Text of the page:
Tuesday, February 27, 2024

Musings: On complications

So, last week in our discussion on charity and the direction the church should be taking, we discussed how complicated charity actually is.  

Better, it was acknowledged that there were different types, different levels to charity work.  And that it was really difficult to figure out in the moment which type of help was needed.  

The lesson broke it down into three levels: relief, rehabilitation, and development.  

In short, relief is what you do to get someone through the initial crisis, the rehabilititation gets them back on their feet, and development helps them move forward. To further clarify, we used a huge example that we were all familiar with: the F5 tornado that ate Joplin thirteen years ago in May.  

Relief was the initial response: when one of the two hospitals was picked up off  its foundation and set down three feet to one side, relief was the rednecks rushing in to help evacuate the building before it fell down.  Relief was the sick and wounded transported en mass in the beds of  pickups a few blocks to the other hospital, and room made at the other hospital.  Relief was digging people out of the rubble, digging storm shelters out of the rubble to rescue people that managed to get into them.  Relief was the initial rescue.  

Once that was done, we moved on to rehabilitation: the day after the tornado, there were people walking through, and shifting rubble out of the streets so that vehicles could get through.  Rehabilitation was getting the rubble cleared  out enough to get insurance companies in.  Rehabilitation was getting what was left of people's lives pulled away so that rebuilding could start.  So that people could get back on their feet.  Rehabilitation was Walmart cancelling the remodeling and upgrades on Supercenters statewide to rebuild the one that the tornado destroyed, so that people could get back to work, and pay for what their insurance wouldn't--or rather, couldn't, given the volume--cover.   Rehabilitation was Home Depot putting up a tent in their parking lot, opening for business before Walmart had even gotten their lot cleared, and bringing in the bones of building materials for people to cover broken windows when their houses were otherwise livable.  

After that comes development: some businesses didn't come back.  We built new ones.  Some streets had to be totally torn out and redone.  The mall--left more than half-empty by a few anchor stores going bankrupt years earlier--took in the high school while the city built a new one (in partnership with a local community college and technical school...which turned out to be good for the city, the high school students, and the tech school).  Yes, the city made some really stupid choices, but that's par for the course.  A lot of good was done, too.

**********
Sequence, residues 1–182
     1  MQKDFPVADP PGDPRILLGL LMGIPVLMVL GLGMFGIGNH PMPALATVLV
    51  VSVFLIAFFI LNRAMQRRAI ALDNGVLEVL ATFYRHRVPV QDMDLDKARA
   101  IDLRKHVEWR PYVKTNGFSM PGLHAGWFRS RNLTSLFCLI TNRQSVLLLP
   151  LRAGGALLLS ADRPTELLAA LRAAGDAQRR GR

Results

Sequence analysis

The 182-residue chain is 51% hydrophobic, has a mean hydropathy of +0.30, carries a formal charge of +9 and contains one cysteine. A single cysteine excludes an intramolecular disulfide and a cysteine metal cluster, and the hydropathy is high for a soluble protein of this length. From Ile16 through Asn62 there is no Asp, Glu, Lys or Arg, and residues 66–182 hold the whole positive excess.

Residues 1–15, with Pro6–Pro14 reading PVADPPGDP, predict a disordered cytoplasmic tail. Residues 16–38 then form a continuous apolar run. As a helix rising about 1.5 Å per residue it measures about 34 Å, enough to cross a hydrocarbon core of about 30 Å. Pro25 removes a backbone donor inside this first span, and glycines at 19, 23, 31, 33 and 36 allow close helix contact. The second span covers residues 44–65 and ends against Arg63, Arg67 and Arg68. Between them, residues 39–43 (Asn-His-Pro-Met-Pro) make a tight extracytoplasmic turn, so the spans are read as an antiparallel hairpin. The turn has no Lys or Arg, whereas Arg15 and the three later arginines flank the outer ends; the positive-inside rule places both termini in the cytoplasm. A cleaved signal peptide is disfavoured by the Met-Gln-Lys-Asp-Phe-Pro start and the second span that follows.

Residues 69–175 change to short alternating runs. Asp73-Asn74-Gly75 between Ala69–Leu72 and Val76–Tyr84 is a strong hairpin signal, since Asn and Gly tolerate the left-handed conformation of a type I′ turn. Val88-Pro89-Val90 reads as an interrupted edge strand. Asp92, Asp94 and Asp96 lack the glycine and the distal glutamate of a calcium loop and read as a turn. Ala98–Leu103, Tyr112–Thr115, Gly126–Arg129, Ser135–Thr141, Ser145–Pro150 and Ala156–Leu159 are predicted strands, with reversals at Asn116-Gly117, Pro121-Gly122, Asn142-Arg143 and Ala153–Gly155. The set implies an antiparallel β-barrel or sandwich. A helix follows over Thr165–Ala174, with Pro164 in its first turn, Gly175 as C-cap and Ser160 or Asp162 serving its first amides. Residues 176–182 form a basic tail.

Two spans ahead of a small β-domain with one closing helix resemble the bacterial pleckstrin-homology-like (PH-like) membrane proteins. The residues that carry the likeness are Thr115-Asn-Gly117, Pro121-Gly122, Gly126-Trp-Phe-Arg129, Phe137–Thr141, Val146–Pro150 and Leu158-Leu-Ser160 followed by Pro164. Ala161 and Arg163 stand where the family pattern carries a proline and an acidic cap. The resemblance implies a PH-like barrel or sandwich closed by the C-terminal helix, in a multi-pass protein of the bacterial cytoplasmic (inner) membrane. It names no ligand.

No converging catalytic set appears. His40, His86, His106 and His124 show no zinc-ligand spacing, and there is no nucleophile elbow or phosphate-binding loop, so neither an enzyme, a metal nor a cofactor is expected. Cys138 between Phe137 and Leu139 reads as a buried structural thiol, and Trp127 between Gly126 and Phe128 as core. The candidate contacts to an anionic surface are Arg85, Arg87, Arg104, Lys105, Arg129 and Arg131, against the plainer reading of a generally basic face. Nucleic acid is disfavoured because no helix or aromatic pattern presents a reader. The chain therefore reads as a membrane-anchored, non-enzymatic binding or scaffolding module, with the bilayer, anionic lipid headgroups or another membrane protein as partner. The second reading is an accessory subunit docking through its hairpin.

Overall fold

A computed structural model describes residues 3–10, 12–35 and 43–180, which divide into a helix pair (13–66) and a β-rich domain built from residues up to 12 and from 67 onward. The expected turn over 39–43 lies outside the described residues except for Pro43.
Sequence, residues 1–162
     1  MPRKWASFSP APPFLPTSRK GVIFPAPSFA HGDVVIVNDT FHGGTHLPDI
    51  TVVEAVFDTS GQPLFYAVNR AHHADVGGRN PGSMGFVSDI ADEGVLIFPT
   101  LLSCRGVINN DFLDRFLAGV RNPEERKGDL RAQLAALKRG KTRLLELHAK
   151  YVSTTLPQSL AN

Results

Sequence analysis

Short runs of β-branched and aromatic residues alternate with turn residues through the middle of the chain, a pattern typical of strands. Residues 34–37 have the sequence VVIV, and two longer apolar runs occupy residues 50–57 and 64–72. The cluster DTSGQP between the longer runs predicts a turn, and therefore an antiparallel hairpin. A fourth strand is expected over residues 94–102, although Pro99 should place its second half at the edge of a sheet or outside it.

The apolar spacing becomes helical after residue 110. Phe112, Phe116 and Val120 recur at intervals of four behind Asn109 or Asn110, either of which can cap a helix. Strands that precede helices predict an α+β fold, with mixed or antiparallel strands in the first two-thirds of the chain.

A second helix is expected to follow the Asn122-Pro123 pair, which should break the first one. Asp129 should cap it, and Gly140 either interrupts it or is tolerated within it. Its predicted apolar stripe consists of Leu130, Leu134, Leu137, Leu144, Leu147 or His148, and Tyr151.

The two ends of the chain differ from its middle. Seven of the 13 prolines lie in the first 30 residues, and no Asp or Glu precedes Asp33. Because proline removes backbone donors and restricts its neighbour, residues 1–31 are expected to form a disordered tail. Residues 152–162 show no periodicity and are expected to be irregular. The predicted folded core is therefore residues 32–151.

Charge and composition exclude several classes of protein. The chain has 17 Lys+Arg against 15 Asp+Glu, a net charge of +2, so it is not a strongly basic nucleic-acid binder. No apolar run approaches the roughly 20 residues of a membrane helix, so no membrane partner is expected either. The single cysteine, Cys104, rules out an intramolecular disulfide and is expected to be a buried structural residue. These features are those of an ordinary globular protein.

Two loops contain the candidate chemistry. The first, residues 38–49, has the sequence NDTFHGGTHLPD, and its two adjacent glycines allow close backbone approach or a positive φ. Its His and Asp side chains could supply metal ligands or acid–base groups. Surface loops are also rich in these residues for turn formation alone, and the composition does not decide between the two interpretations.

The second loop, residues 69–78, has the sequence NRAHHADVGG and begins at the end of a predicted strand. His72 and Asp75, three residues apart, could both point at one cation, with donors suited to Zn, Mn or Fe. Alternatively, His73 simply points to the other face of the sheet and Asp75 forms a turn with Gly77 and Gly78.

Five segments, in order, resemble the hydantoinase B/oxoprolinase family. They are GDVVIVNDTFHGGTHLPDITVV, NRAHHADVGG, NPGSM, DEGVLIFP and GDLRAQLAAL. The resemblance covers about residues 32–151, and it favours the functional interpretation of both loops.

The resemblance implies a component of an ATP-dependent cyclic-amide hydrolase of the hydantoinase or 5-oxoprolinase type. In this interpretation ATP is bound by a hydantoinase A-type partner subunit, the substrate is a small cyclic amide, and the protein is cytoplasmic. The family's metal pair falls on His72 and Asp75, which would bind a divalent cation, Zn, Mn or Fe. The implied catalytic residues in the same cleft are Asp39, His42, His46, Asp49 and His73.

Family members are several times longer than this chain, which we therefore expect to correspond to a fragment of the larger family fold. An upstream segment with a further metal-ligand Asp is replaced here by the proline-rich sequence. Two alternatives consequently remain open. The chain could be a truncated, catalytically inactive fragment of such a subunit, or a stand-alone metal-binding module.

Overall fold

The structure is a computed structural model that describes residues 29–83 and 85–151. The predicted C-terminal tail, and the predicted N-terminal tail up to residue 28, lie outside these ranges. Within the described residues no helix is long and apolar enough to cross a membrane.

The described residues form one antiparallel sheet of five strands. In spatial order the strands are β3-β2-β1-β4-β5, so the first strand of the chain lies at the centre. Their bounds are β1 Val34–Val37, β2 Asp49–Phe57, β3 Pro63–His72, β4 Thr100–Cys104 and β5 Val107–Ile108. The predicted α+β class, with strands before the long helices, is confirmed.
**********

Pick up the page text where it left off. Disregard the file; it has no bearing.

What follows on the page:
When we turned it from city level to individual...things got a lot more complex.  How do you tell which step you need to be on?  How do you get the person you're trying to help to buy in, to cooperate?  The last two steps are hard, folks.  And yeah, accepting "relief"--handouts--is easy.  And a lot of people won't try to get back up on their feet.  

How do we as a church figure out who wants help up and out of the hole, and who just wants food packages and comforts added to the hole?  It's hard.  

It takes getting to know people.  It takes building a relationship.  Once that step is in place, it's a lot easier to tell who actually needs help, and who wants to coast on no effort expended.  

Relief is easy, because it's in the moment, and it's instant gratification.  Boom--done.  It's as easy and tempting for the helpers just as much as it is for the helped.  Rehabilitation is a lot harder.  It takes more time, it requires a lot of effort from both sides, and progression isn't always linear.  Development is the hardest of all, because the helper has to step away.  And yeah, the person being helped is going to stumble, and probably fall a couple of times.  But it has to be done.  

But first of all, the church has got to get the relationships built.  And that isn't easy, either.


  1. I've watched people after the destruction left by a hurricane. Those willing to recover feel blessed for relief, build their lives back as best as they can, and the criminal elements abusing charity eventually disappear. Churches have to have to pray for discernment. Many they help use the resources available to continue their lives of crime or chemical abuse. Sometimes, it's not ignoring the values of Christianity to say no.

    1. "If you love Me, feed My sheep" doesn't extend to giving them money for speed, crack, or meth.

      The problem is telling who needs the help, and who just wants a hit. And that's where that relationship--and the time spent with the people, building it--comes in.

  2. Yep, hard to 'separate' the wheat from the chaff, so to speak. And we're dealing with this right now in North Texas with the fires above Amarillo. Lots of calf feed, liquids, and hay in addition to things for people that have lost everything.


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